Monday, January 20, 2020
On Thursday, January 23, 2020, Randolph-Macon Academy introduced its new hydroponics lab to the R-MA community during an open house. The lab features five different kinds of hydroponic systems, all of which have been built by students taking the “Hydroponics and the Food We Eat” J-Term (January Term) class. Each system has been built with materials purchased at Lowes or on Amazon--such as gutters, plastic containers, hoses, boards and lights--developing systems the students can later recreate for themselves at home.
“We’ve been kind of hands-off,” commented Lynette Lane, the R-MA science teacher who is leading the project. “Sometimes I have to show them very specific steps or techniques, but then they have to figure out how to get it done. It’s been really great. Students have stepped up to do things that have really surprised me.”
The lab includes various systems, such as a Nutrient Film Technique (NFT), which will allow the students to harvest lettuce weekly. A deep water culture (DWC) is a non-circulating water system in which the students will grow basil, chard, and other greens. The students will grow microgreens in a bottom watered, coco coir system. The R-MA lab’s Dutch buckets will contain strawberries and peppers. The final system the students will build is a flood and drain one used for seedling propagation.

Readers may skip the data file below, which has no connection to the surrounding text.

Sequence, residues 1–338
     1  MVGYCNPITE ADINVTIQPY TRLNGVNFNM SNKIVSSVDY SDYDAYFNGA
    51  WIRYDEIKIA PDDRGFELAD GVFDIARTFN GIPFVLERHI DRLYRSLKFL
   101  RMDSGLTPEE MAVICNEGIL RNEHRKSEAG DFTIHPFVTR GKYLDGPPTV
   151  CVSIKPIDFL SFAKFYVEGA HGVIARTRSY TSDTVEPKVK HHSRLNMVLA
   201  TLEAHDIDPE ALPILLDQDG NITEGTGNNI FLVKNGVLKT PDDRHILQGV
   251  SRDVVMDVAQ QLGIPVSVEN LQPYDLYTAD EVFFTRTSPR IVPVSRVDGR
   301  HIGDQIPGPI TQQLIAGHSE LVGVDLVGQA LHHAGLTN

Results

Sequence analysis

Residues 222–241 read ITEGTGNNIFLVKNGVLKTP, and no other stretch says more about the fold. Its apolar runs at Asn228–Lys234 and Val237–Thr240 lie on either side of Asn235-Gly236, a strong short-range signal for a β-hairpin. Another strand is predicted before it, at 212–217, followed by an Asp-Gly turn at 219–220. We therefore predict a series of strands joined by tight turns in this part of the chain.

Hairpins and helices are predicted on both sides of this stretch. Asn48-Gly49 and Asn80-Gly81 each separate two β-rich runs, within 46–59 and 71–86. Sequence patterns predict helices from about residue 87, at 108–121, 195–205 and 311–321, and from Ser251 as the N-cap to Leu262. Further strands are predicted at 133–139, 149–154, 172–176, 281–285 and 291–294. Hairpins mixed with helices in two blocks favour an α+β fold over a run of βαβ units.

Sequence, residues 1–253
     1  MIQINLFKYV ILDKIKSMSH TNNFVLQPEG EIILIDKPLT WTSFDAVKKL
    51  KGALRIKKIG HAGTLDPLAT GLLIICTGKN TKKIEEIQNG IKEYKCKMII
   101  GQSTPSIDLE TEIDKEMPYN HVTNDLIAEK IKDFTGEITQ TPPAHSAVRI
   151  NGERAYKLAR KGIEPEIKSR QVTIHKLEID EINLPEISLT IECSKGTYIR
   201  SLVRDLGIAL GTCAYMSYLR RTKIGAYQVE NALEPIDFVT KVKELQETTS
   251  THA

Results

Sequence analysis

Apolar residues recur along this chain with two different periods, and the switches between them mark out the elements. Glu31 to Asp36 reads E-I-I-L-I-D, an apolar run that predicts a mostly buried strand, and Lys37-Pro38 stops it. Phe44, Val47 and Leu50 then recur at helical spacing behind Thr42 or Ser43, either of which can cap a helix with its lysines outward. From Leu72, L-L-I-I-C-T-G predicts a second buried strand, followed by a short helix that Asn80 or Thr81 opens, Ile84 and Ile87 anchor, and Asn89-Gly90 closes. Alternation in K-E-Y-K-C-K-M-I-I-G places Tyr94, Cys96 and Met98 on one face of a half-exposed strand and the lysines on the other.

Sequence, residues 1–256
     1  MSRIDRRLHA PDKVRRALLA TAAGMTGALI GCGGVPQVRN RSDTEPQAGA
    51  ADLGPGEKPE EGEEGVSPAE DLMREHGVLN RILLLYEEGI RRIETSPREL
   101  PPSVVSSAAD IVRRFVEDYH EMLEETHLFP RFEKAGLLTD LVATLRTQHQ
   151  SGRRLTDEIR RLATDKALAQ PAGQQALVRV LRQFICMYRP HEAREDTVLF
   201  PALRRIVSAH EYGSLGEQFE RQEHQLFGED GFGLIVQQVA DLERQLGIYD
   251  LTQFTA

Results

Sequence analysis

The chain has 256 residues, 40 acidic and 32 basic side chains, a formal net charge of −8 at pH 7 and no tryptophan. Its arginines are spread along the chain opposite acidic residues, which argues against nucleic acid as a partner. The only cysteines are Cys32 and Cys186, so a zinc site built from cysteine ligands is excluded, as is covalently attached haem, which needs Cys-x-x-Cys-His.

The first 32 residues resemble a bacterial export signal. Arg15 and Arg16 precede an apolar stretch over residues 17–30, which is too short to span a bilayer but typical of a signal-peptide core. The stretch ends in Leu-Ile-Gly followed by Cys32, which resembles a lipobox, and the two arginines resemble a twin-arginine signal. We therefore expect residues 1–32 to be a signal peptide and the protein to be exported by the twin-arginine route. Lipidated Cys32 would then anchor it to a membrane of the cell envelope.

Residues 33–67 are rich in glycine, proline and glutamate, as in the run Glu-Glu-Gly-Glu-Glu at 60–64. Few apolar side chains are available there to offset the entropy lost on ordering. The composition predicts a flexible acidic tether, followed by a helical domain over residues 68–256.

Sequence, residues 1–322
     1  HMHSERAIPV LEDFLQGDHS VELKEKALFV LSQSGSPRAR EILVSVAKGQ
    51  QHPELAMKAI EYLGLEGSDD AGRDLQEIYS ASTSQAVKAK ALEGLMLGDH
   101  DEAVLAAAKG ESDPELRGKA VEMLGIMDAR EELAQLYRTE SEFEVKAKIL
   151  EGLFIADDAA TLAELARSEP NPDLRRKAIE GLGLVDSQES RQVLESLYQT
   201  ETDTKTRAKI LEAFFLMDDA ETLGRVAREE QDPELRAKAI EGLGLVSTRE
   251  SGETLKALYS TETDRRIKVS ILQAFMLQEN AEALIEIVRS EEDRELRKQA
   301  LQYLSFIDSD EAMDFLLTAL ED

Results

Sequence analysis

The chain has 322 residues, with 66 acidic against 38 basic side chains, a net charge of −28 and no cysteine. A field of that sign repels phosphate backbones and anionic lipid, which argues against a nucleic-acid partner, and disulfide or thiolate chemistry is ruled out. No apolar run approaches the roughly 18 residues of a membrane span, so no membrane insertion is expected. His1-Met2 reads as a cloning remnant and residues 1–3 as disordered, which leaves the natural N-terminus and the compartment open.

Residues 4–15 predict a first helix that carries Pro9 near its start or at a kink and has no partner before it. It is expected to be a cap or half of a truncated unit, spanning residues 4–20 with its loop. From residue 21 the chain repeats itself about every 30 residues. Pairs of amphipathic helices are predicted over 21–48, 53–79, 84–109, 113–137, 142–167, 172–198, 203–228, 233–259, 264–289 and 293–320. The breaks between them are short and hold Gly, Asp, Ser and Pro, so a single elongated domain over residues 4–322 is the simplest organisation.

An earthworm composting process has also been created; this will make use of any leftover organic matter from the lab systems. In early May, earthworm castings will be removed from this system to be used as nutrient-dense fertilizer for spring plantings.
“I think it’s so important for kids to see where food comes from, because most of them just don’t know,” said Ms. Lane. “And a lot of these students come to R-MA from countries where growing food is problematic, because they don’t have land, they don’t have water. They can take this back. It uses 95% less water than conventional methods of agriculture.”
Although the J-Term ended January 24th, a hydroponics intramural class and the Environmental Science and Biology classes will continue to grow the plants throughout the spring semester. The lab will start again in the fall, and run through the school year, providing leafy greens and microgreens for the community.